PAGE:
Quae Iungant Nos
Who Shall Unite Us?
It was a warm summer. It was the year the Queen was in Belfast as part of her Jubilee celebrations. Man United where beating Liverpool in the FA Cup Final. The Peace People were up and running. But I was in the Crum. It was packed and gone were the segregated wings. C wing was loyalist in 1974 when I was there for a sleepover. The Crum was mad at the best of times but this was an eventful year. The place was packed due to Paisleys failed strike. The Shankill butchers were in. And Lenny M was coming down from the Maze. We were packed 3 and 4 to a cell. The heat made for long days. There was a massive search of the prison for explosives. There had been an explosion in one cell.
The routine was day in day out. What that meant was with republicans we alternated the 3 periods of getting out. One day we were out 3 times, the next day we were locked up all day in the cells while they got out. But news would come in from the outside. We had heard of the deaths of two loyalists. It was decided to hold a joint event for both.Tommy- ‘Da’ -Mawhinney was a serving UVF prisoner in the Kesh compounds. He was from the Woodvale. Tommy was an extremely popular person, both inside and outside the jail and the nickname was testimony to this. Being one of the older generation, he was someone many of the young volunteers looked up to. It was a simple heart attack and he was dead. On the outside a UDA volunteer from Monkstown, William Hobbs, died from burns after a bomb exploded prematurely.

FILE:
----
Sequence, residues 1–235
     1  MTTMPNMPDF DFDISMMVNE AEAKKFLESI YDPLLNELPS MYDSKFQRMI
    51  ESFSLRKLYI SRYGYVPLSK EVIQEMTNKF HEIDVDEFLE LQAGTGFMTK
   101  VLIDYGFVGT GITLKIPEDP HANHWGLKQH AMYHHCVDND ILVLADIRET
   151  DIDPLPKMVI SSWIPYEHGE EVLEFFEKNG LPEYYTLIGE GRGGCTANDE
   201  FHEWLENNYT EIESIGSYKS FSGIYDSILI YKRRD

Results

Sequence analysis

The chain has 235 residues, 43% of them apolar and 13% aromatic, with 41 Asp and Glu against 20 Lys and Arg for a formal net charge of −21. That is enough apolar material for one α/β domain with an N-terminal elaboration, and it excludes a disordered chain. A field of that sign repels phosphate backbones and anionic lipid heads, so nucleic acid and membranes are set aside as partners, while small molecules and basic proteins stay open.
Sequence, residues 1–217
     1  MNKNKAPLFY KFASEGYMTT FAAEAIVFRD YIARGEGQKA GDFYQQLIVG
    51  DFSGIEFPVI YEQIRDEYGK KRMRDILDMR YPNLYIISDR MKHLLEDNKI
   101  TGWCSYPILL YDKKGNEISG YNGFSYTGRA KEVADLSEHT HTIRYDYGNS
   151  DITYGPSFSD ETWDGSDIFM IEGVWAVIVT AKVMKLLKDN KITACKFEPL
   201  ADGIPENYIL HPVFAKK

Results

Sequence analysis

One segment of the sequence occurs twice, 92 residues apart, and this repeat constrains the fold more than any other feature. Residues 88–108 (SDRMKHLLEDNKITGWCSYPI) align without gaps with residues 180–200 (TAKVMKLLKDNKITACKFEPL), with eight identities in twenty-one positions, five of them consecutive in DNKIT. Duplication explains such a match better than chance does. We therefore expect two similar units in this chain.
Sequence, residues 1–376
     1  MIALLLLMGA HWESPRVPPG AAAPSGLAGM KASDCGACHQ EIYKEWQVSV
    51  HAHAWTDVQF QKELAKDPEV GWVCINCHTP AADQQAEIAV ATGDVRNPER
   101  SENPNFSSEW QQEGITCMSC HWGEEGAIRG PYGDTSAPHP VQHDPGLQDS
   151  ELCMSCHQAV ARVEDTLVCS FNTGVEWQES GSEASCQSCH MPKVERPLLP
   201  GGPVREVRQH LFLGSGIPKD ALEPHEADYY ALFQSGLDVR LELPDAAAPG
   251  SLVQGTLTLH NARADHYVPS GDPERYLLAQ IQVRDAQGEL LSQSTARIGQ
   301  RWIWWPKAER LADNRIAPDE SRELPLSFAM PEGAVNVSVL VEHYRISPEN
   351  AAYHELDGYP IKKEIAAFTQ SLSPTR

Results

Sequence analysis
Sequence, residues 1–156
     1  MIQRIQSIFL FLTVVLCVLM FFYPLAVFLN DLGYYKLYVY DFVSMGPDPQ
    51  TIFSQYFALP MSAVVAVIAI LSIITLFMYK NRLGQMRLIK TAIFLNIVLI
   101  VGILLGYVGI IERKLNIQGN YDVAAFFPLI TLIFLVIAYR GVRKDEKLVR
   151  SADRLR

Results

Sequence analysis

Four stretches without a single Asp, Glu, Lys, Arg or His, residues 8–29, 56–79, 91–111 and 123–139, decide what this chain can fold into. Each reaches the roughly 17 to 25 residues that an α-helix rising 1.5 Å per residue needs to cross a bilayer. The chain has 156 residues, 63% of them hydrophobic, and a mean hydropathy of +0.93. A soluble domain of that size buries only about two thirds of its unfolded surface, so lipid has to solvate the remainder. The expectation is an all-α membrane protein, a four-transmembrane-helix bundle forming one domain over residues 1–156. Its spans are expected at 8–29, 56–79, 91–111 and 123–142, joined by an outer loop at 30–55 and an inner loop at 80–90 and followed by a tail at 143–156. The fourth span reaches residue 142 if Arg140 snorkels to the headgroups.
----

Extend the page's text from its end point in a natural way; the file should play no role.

It was the afternoon session and we all trooped out to the ‘C’ wing yard. The sun struggled to find its way into the yard but it was warm. We started walking round in the usual way. Suddenly an order was barked out and we all went into the centre of the yard. ‘Line up in threes’. Many of us had experience of marching. There were over 300 of us and we filled the yard. When you get the order heads will bowed for 1 minute. QUIET! Suddenly the yard was very quiet. We knew that the Provos on the north side of C wing could watch. Some prisoners from A wing at our backs were also watching. Our heads were bowed to remember our dead. From the screws box I could hear them talking. They were reading out all the names of the men taking part ‘in an illegal parade’. We didn’t care. We would all be punished. We were all remand but under Diplock we were guilty under proved innocent. It was long minute. UDA standing side by side with UVF and Red Hand. In fairness to the Provos and ODCs they didn’t cat call or show disrespect. With head bowed I studied the ground beneath my feet. I heard the cooing pigeons on the roof and then the chatter of a starling.
‘Heads up. Dismiss’.
And suddenly we went back to our normal routine. Walking and talking. It was a change to a boring routine. A remembrance of the troubles outside and what the cost was to ordinary people. This was a show of solidarity. It’s now 37 years ago. Remember them also next week . Remember when loyalists stood together.